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dc.contributor.authorAusrotas, Raymond A.en_US
dc.contributor.authorHsin, Chen-Chung.en_US
dc.contributor.authorTaneja, Nawal K.en_US
dc.contributor.otherMassachusetts Institute of Technology. Flight Transportation Laboratoryen_US
dc.date.accessioned2012-01-06T06:50:11Z
dc.date.available2012-01-06T06:50:11Z
dc.date.issued1974en_US
dc.identifier02141344en_US
dc.identifier.urihttp://hdl.handle.net/1721.1/67954
dc.descriptionDecember 1974en_US
dc.descriptionIncludes bibliographical references (p. 121-123)en_US
dc.description.abstractIntroduction: The vertical take-off and landing (VTOL) aircraft market has had substantial growth in the period of the last ten years when one considers the overall number of aircraft in use. The military fleet has continued to increase, as have such operators as natural resource (petroleum and lumber) companies, and law enforcement agencies. (See Table 1.) In scheduled passenger service, however, the VTOL- market has not enjoyed sustained growth. Consider Table 2, the type and number of helicopters in passenger service during 1962-1972. Following the cessation of federal subsidies to helicopter operators in 1966 the number of aircraft (and total available seats) has been steadily declining. Table 3 shows the composition of the fleets of the certificated carriers since 1966. Los Angeles Airways has been in bankruptcy since 1969; Chicago Helicopter is now largely a charter operator, although retaining its certificate; New York Airways, after a period of experimentation with the fixed wing Twin Otter (DHC-6) in 1968-1969, finally made it into the black in 1973, flying Sikorsky S-61's; and SFO Helicopter has retrenched its passenger services severely, but is not yet profitable. Why is the state of scheduled passenger operations so bleak? Many answers to this question have been given. For example, it has been said that the aircraft used by the operators have been inadequate: that they have been designed for military use and are ill suited for civilians who have been used to a higher comfort level (especially since most flights taken on a helicopter are in conjunction with a ride on a large, comfortable jet transport). Alternatively, it has been said that the high cost of operating the current helicopter fleet has caused the ticket price to be too high to be attractive to the traveler. Sometimes the operators have been fingered as the culprits -- that they have not priced their product adequately and have structured their networks poorly, i.e., that the failure has been one of management and marketing. And from the purely technology minded, the answer has been that once the properly designed rotary wing aircraft arrives on the scene -- one designed for civilian use and having the proper payload-range configuration -- the market will boom as VTOL aircraft enter city-center to city-center service. Doubtless there is a kernel -of truth in all these explanations, and examples to sustain most of them can be found in the history of helicopter operations in the United States. The intent of the work described in this report was to explore one frequently cited cause of the problem of high operating costs of helicopters in scheduled service - to wit, high maintenance costs of rotary wing aircraft. This attempt was made to allow a look ahead and to predict trends in maintenance costs of future rotary wing aircraft.en_US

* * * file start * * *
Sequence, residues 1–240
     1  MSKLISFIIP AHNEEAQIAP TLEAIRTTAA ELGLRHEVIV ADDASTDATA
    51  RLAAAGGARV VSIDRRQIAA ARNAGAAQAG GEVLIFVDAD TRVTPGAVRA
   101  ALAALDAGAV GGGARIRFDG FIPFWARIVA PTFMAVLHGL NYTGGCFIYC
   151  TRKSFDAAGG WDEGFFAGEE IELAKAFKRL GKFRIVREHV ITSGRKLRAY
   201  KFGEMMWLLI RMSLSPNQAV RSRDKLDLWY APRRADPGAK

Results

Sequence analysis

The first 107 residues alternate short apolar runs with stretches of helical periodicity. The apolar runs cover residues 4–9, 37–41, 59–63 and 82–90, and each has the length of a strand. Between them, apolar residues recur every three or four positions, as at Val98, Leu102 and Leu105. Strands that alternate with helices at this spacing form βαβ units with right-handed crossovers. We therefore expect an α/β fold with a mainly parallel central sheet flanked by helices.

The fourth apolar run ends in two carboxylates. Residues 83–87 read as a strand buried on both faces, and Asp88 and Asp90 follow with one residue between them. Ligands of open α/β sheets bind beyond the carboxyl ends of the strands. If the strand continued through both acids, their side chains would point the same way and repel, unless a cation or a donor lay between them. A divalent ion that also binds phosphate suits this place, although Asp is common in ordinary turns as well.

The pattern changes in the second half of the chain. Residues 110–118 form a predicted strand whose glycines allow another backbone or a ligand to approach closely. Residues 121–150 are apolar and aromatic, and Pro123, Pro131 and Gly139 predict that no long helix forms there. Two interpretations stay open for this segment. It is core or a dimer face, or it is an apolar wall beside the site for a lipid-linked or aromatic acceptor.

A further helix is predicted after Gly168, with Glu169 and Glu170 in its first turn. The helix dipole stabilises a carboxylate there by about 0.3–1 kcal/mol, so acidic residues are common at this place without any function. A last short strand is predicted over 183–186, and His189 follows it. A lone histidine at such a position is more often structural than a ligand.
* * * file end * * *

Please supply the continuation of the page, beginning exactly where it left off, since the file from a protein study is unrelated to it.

dc.description.sponsorshipThis work was performed under a NASA Contract for Ames Research Centeren_US
dc.format.extent123 pen_US
dc.publisherCambridge, MA : Massachusetts Institute of Technology, Dept. of Aeronautics & Astronautics, Flight Transportation Laboratory, 1974en_US
dc.relation.ispartofseriesFTL report (Massachusetts Institute of Technology. Flight Transportation Laboratory) ; R74-7en_US
dc.subjectHelicoptersen_US
dc.subjectCost of operationen_US
dc.titleMaintenance cost studies of rotary wing commercial transport aircraften_US
dc.typeTechnical Reporten_US


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